David Ward is my 5th-great grandfather (b. 9 Apr 1785 Virginia – d. 25 Nov 1879 Ohio). The events below probably took place in the 1790s:
David's father, George Ward, did not live a great while after his marriage, dying in mid-life, leaving a widow and three children, George, David and Mary. This mother, who lived in one of the border counties of Virginia, on a certain evening went to the home of a neighbor with her children expecting to remain for the night. The neighbor was busy making a powder horn, his good wife was churning and the visitors were happy in the enjoyment of the hospitality of their friends. Roaming Indians came to the door, and when the neighbor extended the hand of friendship and peace, the savage yell was given, and the marauders sought to destroy the entire party. The neighbor and his son were shot to death, the wife made a prisoner and little Mary Ward fell a victim to the tomahawk. Mrs. Ward seized her two small sons and with them escaped through a small window in a rear room, but not until David had received a wound from a tomahawk, the scar of which he carried to his grave. The three fugitives fled in terror for a distance of five miles, wading a river twice in order to evade their pursuers. The mother of the family with whom they had expected to spend the night, saw her husband and son murdered and her home destroyed, and was herself carried away a captive of the Indians, although she afterward made her escape and returned to the white settlement.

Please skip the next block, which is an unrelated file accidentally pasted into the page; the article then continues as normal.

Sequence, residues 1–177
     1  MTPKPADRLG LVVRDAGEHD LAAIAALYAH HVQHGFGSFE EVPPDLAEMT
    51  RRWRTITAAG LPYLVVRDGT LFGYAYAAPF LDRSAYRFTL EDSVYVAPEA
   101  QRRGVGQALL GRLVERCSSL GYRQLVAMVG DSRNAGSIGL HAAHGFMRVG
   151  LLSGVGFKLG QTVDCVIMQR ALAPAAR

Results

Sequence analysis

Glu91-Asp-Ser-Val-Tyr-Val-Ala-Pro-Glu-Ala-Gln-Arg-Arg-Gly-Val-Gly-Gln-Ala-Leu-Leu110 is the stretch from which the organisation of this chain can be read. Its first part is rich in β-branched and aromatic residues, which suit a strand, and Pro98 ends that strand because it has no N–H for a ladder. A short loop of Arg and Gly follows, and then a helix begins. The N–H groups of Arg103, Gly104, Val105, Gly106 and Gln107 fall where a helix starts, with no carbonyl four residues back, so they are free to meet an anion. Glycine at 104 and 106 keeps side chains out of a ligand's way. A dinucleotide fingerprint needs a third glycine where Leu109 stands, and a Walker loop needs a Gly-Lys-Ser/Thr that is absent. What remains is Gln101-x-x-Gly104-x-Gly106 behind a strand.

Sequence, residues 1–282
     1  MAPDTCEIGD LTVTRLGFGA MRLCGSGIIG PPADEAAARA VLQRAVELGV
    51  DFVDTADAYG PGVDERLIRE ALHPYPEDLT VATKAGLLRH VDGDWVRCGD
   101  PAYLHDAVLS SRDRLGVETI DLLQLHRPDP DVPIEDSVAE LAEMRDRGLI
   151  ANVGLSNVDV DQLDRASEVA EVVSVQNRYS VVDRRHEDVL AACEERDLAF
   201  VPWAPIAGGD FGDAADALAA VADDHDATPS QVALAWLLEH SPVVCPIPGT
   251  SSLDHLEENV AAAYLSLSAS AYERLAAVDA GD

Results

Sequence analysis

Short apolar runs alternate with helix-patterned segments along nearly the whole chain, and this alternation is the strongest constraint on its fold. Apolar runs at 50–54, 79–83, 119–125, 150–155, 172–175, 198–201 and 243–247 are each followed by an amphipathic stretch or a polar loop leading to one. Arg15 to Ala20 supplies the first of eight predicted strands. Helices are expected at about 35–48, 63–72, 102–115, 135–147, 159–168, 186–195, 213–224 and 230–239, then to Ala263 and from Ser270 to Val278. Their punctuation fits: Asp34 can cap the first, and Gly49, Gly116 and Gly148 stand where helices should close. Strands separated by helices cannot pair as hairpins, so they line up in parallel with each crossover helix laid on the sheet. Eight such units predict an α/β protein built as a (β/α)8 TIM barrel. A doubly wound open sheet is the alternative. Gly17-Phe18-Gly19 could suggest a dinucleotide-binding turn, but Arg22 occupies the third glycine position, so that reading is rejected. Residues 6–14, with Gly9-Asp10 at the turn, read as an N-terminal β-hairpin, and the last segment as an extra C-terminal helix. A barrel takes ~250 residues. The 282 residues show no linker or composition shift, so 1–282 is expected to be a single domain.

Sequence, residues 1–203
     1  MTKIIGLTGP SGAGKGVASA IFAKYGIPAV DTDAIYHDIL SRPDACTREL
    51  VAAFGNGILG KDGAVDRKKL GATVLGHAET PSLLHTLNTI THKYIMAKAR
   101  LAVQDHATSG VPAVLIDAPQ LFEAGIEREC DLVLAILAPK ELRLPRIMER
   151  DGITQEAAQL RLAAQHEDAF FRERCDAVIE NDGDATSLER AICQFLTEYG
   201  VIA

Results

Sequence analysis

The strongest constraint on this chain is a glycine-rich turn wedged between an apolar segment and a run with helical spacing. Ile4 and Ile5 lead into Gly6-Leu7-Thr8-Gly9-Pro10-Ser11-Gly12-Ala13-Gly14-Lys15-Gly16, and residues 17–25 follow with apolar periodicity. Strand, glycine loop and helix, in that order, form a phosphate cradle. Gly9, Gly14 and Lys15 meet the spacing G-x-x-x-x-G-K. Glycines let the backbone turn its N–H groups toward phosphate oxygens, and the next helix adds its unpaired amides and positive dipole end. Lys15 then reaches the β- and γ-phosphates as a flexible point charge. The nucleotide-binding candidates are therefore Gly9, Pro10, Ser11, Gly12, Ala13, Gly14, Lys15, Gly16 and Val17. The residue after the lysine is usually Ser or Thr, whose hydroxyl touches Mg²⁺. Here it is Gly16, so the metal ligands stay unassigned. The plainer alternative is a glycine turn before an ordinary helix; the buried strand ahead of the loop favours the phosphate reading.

Google books (books.google.com) is a great resource for genealogists. There are tons of old books out of copyright and which are fully searchable and viewable. I’ve used Google books in a few ways:
Finding old family histories. The above story is from “Historical sketches and record of the Elleman and Ward families and their Descendants”. Another example from my wife's family tree is “The English Emersons”.
Local histories. I have a branch of the family tree from Darke Co., Ohio, and there are multiple books about the history of the county. Other books on the early history of Baltimore have provided me with valuable information.
Agricultural surveys, law book, the list goes on and on.
I know of errors in the Historical Sketches book. Besides that, a fellow researcher told me that the copy of the book Google had scanned was missing a couple of key pages that were in a physical copy that researcher owned. As always, use typical discretion when relying on these sources since most will not be primary.
On a philosophical note, it's amazing to think that but for a window in the back of a colonial cabin my ancestral line might have come to a end (or rather have never existed)…